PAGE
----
Born in So Cal, wanted out no connection to people. Came to Bath, waited tables. Lots of people asked where to get coffee.
Nobody did it, so I finally did – “But I’m just a waitress, with no business experience.” Bath is great for that, but there was no hub for it. First: a community meeting spot. Second, yummy treats. Use as much local as possible, local roaster, local bread, cheese, bakers. Costs a little extra, but it’s worth it.
8 years in May. We were successful
The other business people on the street were very welcoming – from the landlord on down. Working in Bath is pure pleasure. Even the hard family situations work themselves out – kids off the hook self police, etc.
Really early on, watched a yuppie mom and a BIW blue-collar worker strike up a conversation, and felt that made the business a success.
People come here as groups, couples come here to resolve disputes, etc. What a gift to hear people’s stories, the hard stuff and the easy stuff.
I can’t afford to pay living wages, but we keep the staff because of the connections. One staff member was bought a ticket to Honduras – because he could.
One of the top real estate folks in this area knew Ashley since she worked here, She helped Ashley get the house and bought it herself for Ashley and got it fixed up. Arleigh was given a car b/c somebody who comes here wrote about her in a contest, she won.
I’m successful b/c I have connection with my community, my co-workers, my neighbors.
What better gift is that?
No web presence at all? Nope. One regular manages a FB page, I’ve never seen it. Leaving to take care of her daughter at home.
John Bliss: Face time with a three-year old way more important than Facebook.
Most important – the personal relationships.
I’m a Venture Capitalist and a developer, that happened because I went to Faneuil Hall and after a few drinks they went to check out 60 State St, the big high-rise under construction. On the top floor, saw an amazing view. By the end of those drinks that evening, I’d decided to rent the two top floors.
If you magnify your small need, you end up with a biiig need. Most VC deals are Big needs.
Since I couldn’t afford to pay rent, I borrowed money, furnished it with my family’s antiques and rugs. Turnkey set of offices at the best Financial District address in Boston.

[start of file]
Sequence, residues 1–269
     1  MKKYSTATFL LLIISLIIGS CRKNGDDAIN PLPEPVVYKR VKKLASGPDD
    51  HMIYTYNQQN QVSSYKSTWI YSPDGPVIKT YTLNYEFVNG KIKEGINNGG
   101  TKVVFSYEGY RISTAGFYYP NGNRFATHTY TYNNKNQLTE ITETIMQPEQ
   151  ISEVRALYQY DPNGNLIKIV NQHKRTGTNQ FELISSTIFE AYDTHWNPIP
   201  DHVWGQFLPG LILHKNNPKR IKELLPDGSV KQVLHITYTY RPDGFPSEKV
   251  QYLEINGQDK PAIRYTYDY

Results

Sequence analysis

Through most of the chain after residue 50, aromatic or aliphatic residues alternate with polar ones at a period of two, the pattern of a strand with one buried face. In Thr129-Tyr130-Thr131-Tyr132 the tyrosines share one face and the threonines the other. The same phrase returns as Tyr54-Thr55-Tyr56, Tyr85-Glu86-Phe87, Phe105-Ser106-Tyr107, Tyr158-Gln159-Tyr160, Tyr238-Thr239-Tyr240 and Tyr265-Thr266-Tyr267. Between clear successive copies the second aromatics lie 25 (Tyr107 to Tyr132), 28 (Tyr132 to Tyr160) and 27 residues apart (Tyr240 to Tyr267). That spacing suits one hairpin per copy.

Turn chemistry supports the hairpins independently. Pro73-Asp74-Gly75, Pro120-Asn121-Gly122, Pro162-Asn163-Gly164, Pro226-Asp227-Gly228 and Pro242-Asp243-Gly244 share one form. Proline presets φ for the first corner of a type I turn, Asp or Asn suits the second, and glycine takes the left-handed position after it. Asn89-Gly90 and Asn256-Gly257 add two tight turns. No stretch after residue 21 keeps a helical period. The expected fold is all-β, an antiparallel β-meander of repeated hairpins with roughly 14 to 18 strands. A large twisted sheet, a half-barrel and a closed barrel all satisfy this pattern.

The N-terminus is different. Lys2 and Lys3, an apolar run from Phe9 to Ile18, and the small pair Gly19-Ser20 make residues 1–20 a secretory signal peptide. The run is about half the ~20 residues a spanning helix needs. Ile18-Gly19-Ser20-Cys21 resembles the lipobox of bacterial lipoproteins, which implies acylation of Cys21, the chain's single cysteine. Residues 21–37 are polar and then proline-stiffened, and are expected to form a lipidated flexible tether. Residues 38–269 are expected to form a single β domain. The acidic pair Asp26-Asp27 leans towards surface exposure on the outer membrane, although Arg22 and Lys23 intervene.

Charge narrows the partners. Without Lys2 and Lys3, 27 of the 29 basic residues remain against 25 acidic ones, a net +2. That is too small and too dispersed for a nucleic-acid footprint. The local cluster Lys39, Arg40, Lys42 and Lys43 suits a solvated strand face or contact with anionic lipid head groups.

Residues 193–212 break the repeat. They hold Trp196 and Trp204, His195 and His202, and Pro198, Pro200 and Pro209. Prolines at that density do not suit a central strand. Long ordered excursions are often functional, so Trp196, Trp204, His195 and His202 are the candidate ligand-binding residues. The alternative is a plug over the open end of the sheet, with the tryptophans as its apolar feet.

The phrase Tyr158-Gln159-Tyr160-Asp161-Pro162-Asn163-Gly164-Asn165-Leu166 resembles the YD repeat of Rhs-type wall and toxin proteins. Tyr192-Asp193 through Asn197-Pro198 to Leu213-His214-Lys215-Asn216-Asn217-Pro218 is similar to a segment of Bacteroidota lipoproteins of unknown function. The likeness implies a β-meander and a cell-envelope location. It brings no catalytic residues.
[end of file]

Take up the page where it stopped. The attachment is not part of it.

I got a rent which was extraordinary b/c the developer rented at 15$ sq. foot, then I rented it at $125/sq. Foot. Harvard biz review, Boston redevelopment agency, city councilor, John Kerry’s Senate campaign, etc.
Turned a $10,000 loan into a million net after taxes in my pocket. I realized that a real estate deal made a VC return, 30-50% annual. More really, since I started with zero. It’s more about your vision and the positioning. It’s not about business itself. You can reposition any business.
Two ways to compete:
Red ocean : full of blood and sharks.
Blue Ocean: positioned in a way that noone can compete with
You’ve disrupted a market, that’s where the opportunity comes from. Ask yourself: how can I position something to disrupt a market?
Those floors were 100% rented for ten years.
SRI think tank in Silicon Valley for ten years. Went down to LA, saw the downtown real-estate, met a Hollywood lawyer guy (driving a Rolls) who had done the same deal he did.
He repeated the pattern.
In 10 years – 40 other people tried to do the same thing. Other buildings were getting tenants from his startups. NY, lots of this.
Deals are all done in places like this (in Café Crème.) It’s a deal factory!
Economic Geographer Richard Florida talks about creative economy. It’s not art – creative people hang together. People who start companies HAVE to hang out together. In Silicon Valley, Boston, NYC, this is standard practice. Deals happen in the cafes.
Every place should have a place like this. In the VC community, everybody knows where these places are. It’s the atmosphere of a place, the culture of the place you create.
This is as well as it’s ever been done in all the cities I’ve seen. AND Tonnie made it personal, in touch with your heart. Richard Florida says every city should create this.
Web: Maine Enterprise Schools. Angus King
When Steve Jobs was kicked out, he started the next computer company, I became a developer for that. He asked us all what our deal was. My deal was a “telephone scratch pad” much like the iPad.
Steve Jobs has always been the leader in the innovations. His ideas of positioning in a market to make himself the leader of that market. Vertically integrated software system. Gates really can’t match that. He’s a role model for positioning and innovating your business.
Recently got a good book: Switch.
They discuss the appeal you make in your business, and break it into three parts. “elephant in the living room” framing the argument. The elephant is your emotional side. If your business can’t compete, it can’t appeal to that emotional side of you, you should hang it up. If the elephant isn’t motivated, it won’t move. To be successful:
Motivate the elephant
Clear the path
If you can do that, you won’t have to beg for the money.
John then detailed the Sewall House deal and how it was perfect for a VC-type return for the investors who had agreed to go in with him.